Write about what you love, not what you think others want you to write. Study the craft of writing. Surround yourself with others who share your passion for the written word. Read, read, read in your chosen genre.

What's the best writing advice you've ever received?

When writing a novel, start as close to the end as possible. Only take advice or constructive criticism from those who have authored, edited or agented an impressive body of work.

Alejandra Febre

Franchise Owner, School of Rock Cypress

 What's the best advice you've ever received and why?

The best advice I have received is to never be afraid to surround myself with people who are better than me, people who will push me to become a better version of myself. Your job as a business owner is to inspire and lead the most talented individuals you are able to find and share your vision and make your dream become their dream.

How do you define success?

Success is a measure of the accomplishment of our dreams, but it is also a state of mind. Things usually don't go as planned, but our ability to adapt, to improvise and to change can turn any situation into a learning experience and the outcome into a positive result regardless of our original intent. As Thomas Alva Edison said, "I did not fail; I have learned 10,000 ways it won't work." Success is always persevering.

What advice would you give a young girl who wants to launch a business?

My advice for any young girl or woman who wants to launch a business would be: take a leap of faith and do it. However, plan ahead, do your research, take calculated risks and be prepared to work really hard and never give up because there will be obstacles in the way.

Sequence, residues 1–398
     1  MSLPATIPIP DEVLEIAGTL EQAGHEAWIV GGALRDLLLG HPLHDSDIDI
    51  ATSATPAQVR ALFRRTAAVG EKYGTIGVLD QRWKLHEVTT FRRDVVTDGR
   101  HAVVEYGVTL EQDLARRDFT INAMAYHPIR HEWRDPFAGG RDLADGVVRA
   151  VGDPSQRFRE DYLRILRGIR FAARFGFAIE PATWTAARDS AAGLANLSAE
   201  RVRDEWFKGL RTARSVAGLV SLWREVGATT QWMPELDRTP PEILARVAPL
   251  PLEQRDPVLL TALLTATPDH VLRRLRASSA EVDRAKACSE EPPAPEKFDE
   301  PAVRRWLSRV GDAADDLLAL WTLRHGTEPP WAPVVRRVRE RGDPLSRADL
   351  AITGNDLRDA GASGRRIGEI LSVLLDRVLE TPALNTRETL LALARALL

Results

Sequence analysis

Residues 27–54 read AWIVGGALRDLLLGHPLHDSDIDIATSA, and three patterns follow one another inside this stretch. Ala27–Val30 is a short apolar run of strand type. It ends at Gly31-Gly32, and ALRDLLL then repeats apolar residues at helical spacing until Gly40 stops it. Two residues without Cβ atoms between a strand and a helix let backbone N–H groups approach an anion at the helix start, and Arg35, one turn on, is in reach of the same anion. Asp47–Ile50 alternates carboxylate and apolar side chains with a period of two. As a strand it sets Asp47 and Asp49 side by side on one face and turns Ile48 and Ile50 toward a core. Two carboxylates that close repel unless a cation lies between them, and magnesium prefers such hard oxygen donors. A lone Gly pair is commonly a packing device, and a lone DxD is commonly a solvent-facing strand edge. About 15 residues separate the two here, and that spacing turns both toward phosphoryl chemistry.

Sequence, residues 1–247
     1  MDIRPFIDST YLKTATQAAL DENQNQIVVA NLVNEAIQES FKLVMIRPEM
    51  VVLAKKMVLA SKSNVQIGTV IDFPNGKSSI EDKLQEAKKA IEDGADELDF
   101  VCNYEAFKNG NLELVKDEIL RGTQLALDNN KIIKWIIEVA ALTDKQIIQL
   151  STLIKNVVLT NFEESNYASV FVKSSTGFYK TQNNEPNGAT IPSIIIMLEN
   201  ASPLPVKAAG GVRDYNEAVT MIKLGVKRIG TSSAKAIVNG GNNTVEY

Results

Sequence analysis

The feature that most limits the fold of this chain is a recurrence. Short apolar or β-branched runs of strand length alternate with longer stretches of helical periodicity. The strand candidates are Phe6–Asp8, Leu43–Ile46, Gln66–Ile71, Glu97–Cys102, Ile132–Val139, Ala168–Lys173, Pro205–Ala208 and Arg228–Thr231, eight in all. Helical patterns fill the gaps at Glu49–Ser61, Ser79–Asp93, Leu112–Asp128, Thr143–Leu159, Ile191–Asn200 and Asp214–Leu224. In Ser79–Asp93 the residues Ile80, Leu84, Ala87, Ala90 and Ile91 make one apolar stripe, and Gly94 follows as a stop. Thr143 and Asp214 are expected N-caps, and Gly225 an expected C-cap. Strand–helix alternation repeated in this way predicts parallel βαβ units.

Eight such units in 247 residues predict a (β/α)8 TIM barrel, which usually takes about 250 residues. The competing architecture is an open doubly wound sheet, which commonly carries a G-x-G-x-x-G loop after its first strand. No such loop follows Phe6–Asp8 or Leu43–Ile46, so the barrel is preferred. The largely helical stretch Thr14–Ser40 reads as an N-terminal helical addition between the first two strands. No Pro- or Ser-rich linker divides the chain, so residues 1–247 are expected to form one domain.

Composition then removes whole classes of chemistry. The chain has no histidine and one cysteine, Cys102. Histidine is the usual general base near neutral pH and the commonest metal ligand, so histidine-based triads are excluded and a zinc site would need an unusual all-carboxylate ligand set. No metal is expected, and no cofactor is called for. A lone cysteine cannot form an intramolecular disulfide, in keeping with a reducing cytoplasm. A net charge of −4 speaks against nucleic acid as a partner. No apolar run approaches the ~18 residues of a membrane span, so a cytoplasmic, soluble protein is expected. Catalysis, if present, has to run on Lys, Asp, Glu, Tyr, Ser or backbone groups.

What's the most valuable lesson you've learned so far in life?

The most valuable lesson I have learned in life is to never define myself by the paradigms of others. We don't have to be what others expect us to be or limit ourselves by prejudices and preconceptions. We must be brave, we must question everything, we must think outside the box, we must stand for what we believe, and we need to be the most precious thing that we can be: our own selves.

Eileen Jones

Partner, Business Owner, Aire Serv of Houston Northwest and Katy, Klaus Brewing Company

To what do you attribute your success in business?

I have always been entrepreneurial even from a young age. I set goals so I have a target and surround myself with positive like-minded people.

What advice would you give a young person who wants to launch their own business?

Find something that you are passionate about. It is so much easier to put your heart into a business that you love and enjoy. I would recommend that they have a mentor who can guide and direct them.

What's one life lesson you've learned?

Perseverance. When faced with difficult situations, allow it to grow and strengthen you. Never give up.

What's the best business advice you've ever received?

I had a wonderful business mentor that was really tough and would find any mistake. It helped me to make sure I looked at the details and fully researched everything.